via ‘Economy in tailspin’ – NewsDay Zimbabwe June 25, 2015
The continual decimation of the middle class will hamstring any efforts to revive the economy in the short term, a local research firm has warned.
In its latest note to investors, MMC Capital said the middle class was critical in growing the economy.
“Our fear is that the continued destruction of the middle class will make it difficult for the economy to witness any rebound in the short term,” MMC said, but was optimistic of a rebound in the medium to long term as “Zimbabwe offers massive upside potential”.
MMC said economic indicators such as inflation, savings rate, money supply and trade balance continued to show that the economy was indeed running out of steam.
“We maintain our view that activity on the local bourse will remain depressed for the greater part of this year as the bulls continue to search for a new lease of life,” it said.
Since January, inflation figures have been in the negative, having started off at -1,28% in January and gaining 0,19 percentage points in March to -1,20% from February figure of -1,40%. In May the inflation figure stood at -2,70%.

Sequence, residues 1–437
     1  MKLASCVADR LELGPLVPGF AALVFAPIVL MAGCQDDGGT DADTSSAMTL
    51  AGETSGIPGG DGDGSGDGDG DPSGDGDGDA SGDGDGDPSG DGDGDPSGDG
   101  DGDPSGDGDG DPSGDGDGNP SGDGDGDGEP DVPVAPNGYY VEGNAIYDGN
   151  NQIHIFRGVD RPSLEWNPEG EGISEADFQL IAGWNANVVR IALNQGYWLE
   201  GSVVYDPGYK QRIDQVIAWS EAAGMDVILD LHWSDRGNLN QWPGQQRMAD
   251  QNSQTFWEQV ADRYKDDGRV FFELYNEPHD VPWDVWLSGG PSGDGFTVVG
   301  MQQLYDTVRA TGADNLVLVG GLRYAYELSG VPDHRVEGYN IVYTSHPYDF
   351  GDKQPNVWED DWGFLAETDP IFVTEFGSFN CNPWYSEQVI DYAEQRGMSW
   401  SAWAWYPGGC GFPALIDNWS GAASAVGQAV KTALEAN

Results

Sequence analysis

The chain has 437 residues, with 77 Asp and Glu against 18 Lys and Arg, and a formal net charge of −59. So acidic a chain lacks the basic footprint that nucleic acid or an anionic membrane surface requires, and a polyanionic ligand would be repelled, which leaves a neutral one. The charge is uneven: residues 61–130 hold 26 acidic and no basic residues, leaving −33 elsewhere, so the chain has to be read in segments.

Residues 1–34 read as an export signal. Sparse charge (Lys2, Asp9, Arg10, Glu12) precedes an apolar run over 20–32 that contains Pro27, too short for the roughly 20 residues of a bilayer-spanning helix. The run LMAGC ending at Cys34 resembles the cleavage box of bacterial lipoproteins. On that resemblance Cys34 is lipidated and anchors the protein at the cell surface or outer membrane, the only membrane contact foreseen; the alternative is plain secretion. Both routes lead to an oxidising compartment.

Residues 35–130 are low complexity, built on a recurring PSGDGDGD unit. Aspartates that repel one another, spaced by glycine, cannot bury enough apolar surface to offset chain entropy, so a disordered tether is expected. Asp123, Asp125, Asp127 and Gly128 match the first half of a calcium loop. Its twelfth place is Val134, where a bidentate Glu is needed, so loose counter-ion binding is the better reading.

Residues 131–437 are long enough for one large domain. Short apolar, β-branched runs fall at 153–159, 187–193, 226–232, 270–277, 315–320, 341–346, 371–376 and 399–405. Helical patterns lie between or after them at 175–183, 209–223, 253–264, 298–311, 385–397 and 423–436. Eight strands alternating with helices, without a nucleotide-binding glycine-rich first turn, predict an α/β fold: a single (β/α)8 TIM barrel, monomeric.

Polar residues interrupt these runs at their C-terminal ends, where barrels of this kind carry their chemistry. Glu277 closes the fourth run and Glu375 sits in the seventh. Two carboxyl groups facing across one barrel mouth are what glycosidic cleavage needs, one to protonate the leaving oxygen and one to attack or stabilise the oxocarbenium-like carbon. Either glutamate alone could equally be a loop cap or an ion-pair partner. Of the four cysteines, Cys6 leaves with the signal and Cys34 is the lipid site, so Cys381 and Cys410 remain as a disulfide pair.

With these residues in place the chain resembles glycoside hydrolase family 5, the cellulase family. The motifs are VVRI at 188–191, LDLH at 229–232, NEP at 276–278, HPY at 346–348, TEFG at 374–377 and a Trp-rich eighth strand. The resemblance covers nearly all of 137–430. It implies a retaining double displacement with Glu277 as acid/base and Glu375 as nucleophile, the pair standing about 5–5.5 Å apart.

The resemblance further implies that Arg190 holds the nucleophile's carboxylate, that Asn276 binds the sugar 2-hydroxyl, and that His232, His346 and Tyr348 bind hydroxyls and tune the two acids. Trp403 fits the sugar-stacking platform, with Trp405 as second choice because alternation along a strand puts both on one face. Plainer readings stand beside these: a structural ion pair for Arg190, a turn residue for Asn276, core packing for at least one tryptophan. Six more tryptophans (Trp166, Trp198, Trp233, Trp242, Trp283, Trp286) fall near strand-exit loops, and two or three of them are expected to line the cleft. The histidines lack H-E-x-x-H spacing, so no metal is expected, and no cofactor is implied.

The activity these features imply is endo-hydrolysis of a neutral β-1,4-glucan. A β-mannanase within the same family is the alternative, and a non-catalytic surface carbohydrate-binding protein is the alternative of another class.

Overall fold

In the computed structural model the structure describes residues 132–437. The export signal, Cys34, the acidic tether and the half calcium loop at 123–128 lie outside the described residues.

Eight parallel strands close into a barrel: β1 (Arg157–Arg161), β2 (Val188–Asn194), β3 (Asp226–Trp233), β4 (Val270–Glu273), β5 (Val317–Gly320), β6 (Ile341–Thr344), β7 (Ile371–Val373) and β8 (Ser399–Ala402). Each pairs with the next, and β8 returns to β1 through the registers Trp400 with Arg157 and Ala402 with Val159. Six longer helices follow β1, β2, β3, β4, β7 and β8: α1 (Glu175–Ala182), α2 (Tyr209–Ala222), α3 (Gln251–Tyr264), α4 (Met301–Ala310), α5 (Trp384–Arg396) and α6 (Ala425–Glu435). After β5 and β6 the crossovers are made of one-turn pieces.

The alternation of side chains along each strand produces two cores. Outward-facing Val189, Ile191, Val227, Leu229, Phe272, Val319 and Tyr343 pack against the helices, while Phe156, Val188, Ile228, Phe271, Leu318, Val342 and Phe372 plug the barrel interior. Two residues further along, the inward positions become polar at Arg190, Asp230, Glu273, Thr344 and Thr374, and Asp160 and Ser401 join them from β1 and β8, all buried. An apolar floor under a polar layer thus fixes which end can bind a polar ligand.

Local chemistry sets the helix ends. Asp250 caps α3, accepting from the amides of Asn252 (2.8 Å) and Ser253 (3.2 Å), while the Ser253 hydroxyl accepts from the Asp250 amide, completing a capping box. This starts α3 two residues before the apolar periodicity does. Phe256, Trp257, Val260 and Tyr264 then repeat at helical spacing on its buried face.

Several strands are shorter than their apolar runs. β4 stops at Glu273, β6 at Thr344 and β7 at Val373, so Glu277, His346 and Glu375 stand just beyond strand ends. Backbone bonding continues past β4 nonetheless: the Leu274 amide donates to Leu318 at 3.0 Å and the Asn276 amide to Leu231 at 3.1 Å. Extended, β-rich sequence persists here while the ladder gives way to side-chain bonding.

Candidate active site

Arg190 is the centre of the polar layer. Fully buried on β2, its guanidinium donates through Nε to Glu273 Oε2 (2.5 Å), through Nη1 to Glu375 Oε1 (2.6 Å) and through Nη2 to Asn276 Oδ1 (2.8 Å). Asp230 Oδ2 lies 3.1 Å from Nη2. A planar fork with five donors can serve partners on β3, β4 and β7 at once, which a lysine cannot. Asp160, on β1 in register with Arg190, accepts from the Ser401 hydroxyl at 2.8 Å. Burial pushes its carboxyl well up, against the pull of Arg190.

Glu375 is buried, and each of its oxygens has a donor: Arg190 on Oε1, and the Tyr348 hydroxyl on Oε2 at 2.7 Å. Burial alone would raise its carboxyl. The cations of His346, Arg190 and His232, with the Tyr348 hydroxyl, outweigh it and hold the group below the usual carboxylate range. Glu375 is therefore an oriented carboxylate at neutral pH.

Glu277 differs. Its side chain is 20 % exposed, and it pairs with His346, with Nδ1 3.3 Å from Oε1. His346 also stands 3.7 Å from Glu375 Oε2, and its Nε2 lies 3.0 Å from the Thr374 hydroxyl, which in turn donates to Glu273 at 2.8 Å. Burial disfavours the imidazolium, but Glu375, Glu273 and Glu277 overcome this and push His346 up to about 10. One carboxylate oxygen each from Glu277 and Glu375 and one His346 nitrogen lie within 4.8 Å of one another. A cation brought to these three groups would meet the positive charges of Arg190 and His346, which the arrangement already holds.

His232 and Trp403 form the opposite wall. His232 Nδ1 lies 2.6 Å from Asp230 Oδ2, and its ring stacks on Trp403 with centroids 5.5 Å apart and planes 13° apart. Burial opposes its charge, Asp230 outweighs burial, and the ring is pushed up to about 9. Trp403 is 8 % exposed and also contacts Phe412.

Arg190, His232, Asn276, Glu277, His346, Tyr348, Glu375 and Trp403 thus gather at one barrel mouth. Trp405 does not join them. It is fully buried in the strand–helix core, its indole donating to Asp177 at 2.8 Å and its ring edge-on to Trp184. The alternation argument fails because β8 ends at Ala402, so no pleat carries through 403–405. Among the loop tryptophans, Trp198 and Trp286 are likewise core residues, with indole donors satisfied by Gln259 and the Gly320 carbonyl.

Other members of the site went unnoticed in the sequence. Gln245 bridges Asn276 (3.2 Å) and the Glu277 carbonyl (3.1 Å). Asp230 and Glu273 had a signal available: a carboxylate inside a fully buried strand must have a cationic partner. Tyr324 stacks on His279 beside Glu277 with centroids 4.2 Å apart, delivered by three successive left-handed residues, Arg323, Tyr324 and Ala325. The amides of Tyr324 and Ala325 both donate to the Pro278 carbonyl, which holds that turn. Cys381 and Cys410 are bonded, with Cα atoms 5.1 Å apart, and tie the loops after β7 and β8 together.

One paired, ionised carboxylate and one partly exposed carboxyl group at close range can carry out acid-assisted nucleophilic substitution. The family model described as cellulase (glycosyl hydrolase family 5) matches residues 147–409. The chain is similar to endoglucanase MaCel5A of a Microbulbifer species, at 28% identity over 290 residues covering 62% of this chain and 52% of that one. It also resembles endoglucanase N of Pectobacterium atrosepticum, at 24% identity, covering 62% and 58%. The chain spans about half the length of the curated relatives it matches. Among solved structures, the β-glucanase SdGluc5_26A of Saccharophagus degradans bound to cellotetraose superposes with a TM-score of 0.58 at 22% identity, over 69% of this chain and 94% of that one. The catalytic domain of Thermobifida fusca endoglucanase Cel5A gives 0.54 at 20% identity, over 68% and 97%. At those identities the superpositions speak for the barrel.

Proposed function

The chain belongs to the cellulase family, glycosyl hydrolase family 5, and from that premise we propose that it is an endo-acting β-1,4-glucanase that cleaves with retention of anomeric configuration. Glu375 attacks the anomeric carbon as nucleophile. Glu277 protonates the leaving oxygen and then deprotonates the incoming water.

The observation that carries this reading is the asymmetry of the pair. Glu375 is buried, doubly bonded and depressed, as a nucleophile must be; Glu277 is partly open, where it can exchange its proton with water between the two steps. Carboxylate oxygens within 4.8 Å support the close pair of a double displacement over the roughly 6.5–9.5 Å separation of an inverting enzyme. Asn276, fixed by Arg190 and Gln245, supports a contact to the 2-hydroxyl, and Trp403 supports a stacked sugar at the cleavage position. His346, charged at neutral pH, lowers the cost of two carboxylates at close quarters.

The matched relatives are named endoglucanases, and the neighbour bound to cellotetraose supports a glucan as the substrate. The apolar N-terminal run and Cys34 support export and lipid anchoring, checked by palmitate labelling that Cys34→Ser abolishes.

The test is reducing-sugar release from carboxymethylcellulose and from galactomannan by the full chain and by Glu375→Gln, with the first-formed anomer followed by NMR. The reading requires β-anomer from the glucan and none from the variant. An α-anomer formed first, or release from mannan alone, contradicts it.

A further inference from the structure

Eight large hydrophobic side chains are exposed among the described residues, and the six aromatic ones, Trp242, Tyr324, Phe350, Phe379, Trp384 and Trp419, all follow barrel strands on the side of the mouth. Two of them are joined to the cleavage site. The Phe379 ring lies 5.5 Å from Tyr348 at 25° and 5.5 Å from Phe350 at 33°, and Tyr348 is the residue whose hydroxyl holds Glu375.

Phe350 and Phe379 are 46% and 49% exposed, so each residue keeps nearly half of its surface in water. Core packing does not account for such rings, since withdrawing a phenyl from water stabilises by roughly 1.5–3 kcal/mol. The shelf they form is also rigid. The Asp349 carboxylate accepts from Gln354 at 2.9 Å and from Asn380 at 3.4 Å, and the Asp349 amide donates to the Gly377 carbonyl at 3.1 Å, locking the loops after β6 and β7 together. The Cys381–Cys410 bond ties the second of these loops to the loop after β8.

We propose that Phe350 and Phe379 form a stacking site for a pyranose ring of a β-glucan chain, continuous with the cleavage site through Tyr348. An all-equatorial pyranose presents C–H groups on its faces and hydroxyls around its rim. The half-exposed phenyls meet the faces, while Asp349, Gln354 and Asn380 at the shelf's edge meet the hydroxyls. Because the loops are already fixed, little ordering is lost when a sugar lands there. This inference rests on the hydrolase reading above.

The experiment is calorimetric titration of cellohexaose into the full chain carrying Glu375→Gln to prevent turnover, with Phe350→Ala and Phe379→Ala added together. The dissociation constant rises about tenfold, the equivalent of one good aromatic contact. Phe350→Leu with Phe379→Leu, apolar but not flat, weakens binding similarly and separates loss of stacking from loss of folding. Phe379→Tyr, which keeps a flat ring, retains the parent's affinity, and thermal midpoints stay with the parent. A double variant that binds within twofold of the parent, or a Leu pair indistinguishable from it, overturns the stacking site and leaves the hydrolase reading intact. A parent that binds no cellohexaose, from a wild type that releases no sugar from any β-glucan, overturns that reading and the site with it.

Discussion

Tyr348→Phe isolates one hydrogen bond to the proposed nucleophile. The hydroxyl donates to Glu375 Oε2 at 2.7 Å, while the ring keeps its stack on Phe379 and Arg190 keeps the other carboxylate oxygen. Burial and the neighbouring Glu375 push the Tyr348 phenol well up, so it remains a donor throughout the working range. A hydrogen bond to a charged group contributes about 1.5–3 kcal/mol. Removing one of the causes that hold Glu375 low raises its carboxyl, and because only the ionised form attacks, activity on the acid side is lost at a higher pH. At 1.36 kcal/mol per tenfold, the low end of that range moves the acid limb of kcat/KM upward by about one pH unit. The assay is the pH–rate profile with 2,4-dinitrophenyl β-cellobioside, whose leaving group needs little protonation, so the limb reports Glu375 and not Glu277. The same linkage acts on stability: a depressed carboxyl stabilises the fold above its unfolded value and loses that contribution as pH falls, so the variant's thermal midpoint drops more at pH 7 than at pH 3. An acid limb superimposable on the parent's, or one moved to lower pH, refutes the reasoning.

Prices of goods in the country have been declining as South Africa (the country’s main trading partner)’s currency has been weakening since the beginning of the year.
The MMC report came as the Consumer Council of Zimbabwe (CCZ) recorded a declined monthly basket for a family of six in the past five months.
CCZ said the basket stood at $571,75 in May from $583,19 in January.
The food basket, a major component of the family basket, has been on a decline since the beginning of the year to $129,4 in May from $140,50 in January, CCZ statistics showed.
It said notable price decreases had been seen in products such as margarine, sugar, washing powder, laundry bars, milk, bread and rice, among others.
“The decrease in prices might be because, as a result of reduction of fuel prices and availability of coins in all supermarkets, prices have been restructured thus the movement from the tendency of rounding off prices, so consumers can now buy what they want at the exact prices, and get change,” CCZ said.
The impact of the decrease in the price of fuel and availability of coins has not yielded a positive reduction of prices on basic commodities to the expectation of the consumer watchdog, the CCZ said in one of its commentaries.
The economy has been recording negative inflation since the beginning of this year. The country sources most of its products from South Africa and the rand has been weakening. The weakening of the rand has made some products cheaper to some extent as retailers have been running promotions to attract more customers.
Companies have been retrenching since the beginning of the year while some have closed down.
Although local industries are producing, capacity utilisation levels hover around 39% in some sectors.
Competition from imports, shortages of working capital and obsolete equipment are some of the challenges being faced by local manufacturers.